Tuesday night, I was at the Madison Theatre for a meeting of the judges of the Knickerbocker Film Festival, and I got out of the meeting with just enough time to get to Chopper's Customer Service Desk before its 9 p.m. closing. I whipped out my AdvantEdge card and told the clerk I wanted to buy a bus pass with the new discount. She told me that unfortunately, she couldn't sell me a pass because they were only sold between 8 a.m. and 5 p.m. when the corporate business office was open, but she could tell me how much savings I had earned.

$38 in savings. Sweet.

Wednesday afternoon, I returned and made my purchase. The first 31-day sold at Madison Chopper.

As I mentioned on Roger's blog, I think this new partnership between CDTA and the Chopper is a win for everyone -- even for those of you with cars, who want to live life a little more green-ly once in a while. The 10-trip pass is a good vehicle to check out life as a public transit rider.

Now let's hope Price Chopper figures out how to sell the passes after 5 p.m. and on weekends, so that those who work 9-5 can take advantage of the savings.

UPDATE - 3/10: I stopped into Price Chopper yesterday afternoon and asked if they've been able to extend the sale hours for CDTA passesbeyond Monday - Friday from 8-5. The answer: YES. The helpful clerk told me they can also sell them on weekends from 10-4.

Tuesday, November 10, 2009

Back to the Blogosphere

Now that campaign season is over, and the mayor is back on the radio Friday mornings, I'm thinking it's safe for me to poke my way back into the blogosphere. I'll continue to post personal essays here about navigating our region without a car, and by January, when I begin my new job, I'll start up an additional blog - a digest of relevant news for Albany's 10th ward residents.

Here's a brief update of my life over the past 5 months:

I was sad to learn about hip hip hoo-Ray's sudden departure from CDTA and hopeful when the Board appointed long-time CDTA employee Carm Basile to lead the transit agency,

I managed to squeeze in a few bus, bike and car adventures away from the 10th ward,

my daughter hand-standed her way through the summer of campaigning,

the yearly battle against the crows began,

the trees turned all kinds bright colors

Now the branches lay bare, and they are perfect perch for the crows we love to chase away.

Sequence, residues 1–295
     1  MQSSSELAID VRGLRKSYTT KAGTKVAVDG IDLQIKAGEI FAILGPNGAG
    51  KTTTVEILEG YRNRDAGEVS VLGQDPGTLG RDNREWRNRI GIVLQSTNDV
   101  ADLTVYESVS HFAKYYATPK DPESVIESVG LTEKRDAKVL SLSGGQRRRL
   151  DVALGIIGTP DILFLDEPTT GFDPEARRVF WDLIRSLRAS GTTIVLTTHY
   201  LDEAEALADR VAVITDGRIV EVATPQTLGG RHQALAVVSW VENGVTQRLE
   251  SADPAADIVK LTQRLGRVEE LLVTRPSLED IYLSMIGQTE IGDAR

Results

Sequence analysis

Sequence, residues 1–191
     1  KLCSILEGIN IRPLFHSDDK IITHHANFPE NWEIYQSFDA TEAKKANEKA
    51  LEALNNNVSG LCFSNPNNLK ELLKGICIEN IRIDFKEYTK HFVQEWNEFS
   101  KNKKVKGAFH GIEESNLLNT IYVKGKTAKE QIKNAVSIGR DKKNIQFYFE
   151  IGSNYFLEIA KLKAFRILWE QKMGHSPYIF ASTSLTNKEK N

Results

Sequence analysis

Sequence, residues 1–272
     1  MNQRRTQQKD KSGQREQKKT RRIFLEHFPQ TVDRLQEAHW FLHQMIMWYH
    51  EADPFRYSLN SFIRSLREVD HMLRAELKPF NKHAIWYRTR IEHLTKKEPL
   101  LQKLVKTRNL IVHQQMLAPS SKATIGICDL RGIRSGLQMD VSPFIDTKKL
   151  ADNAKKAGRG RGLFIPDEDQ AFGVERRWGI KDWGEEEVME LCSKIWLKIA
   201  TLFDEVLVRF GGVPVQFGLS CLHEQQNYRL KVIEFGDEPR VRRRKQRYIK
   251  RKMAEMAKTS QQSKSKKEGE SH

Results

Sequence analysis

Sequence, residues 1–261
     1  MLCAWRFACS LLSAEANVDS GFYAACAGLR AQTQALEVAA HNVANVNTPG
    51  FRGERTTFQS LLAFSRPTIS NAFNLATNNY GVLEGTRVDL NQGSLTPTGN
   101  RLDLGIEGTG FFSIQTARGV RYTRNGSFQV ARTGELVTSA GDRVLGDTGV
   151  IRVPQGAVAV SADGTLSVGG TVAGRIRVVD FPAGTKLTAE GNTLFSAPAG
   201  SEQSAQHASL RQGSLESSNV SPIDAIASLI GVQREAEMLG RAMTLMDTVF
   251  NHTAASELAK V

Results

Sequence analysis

It must be November.

Albany's first bicycle master plan is complete. If you haven't yet submitted comments - do it now -- today is the last day to submit -- until 3 p.m., according to the new Bike Blog on the TU website.

Submit your comments here:

City of Albany
Department of Development and Planning
21 Lodge Street, Albany, NY 12207
Phone: 518-434-2532 x33

I only started riding a bike in Albany this past spring. I was terrified of cycling on Albany's streets. Now, I ride cautiously. Sometimes, I commute to work by bicycle. Up Western Avenue. That can be harrowing.

My friend Barry only rides on the sidewalk in Albany for safety reasons. As a pedestrian, sidewalk cyclists drive me crazy. Barry says he is very careful when he approaches a pedestrian from behind so as not to startle them. I haven't yet mastered that art, but there are times when I find the only way I'll get to my destination safely is by riding on the sidewalk as well.

A few months ago, I was speaking with an old friend who is part of this bicycle master plan process. I fessed up that while I know I'm not supposed to, I will sometimes ride my bike on the sidewalk because it's just too scary to ride on the street. He then told me about a poster he had seen and said to me, "Oh no, Leah - Don't be that guy!"

I didn't realize until my friend Brian sent me this article that in the world of cyclists, there is a big debate about sharing the road with cars vs. designated cycling sections.

For me, it's about feeling safe. This past Sunday morning, at 9 a.m. when traffic was slow, I was running an errand on my bike and I felt safe to ride on the street. I was riding with my left arm stretched out signaling as I approached the intersection to make a left turn from S. Main to Myrtle Avenue. A motorist behind me thought that it would be a good idea to go into the oncoming traffic lane to pass me immediately before I made my left turn.

Screech of brakes.

He managed to slow his vehicle and not hit me as I made the left turn and didn't lose my balance. Phew.

After my heart settled back into my chest and I was peddling home, I thought to myself, "Does this guy really not know his hand signals???"

The folks in the Pine Hills Neighborhood Association have been advocating for changes to Madison Avenue to be part of the Bike Master Plan. I would love to see the Madison Avenue traffic calming plan implemented as an early part of the bicycle master plan -- it would improve walkability, traffic safety and bicycling in my neighborhood.

Until we do something to calm the traffic, I'll continue to be "that guy" ... riding my bike along the sidewalk on Madison.

Monday, June 8, 2009

Campaign Season

I pay attention to politics.

I get involved. I work on campaigns.

And now, I've decided to run for office myself.

This is a personal blog - not a campaign blog. For a candidate, on the campaign trail... the line that separates personal and political can be very fine.

In an attempt to make things clear and simple, I won't be writing blog entries here during campaign season.

I do hope to...

see you on the bus,
or the bike
or at the Normanskill!

- Leah